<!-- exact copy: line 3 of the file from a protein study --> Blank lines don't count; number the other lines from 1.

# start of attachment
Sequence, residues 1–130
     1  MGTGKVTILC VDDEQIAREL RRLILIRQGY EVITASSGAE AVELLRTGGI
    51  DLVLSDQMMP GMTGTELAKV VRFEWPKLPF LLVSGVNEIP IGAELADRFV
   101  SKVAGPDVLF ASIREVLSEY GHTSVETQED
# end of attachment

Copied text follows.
    51  DLVLSDQMMP GMTGTELAKV VRFEWPKLPF LLVSGVNEIP IGAELADRFV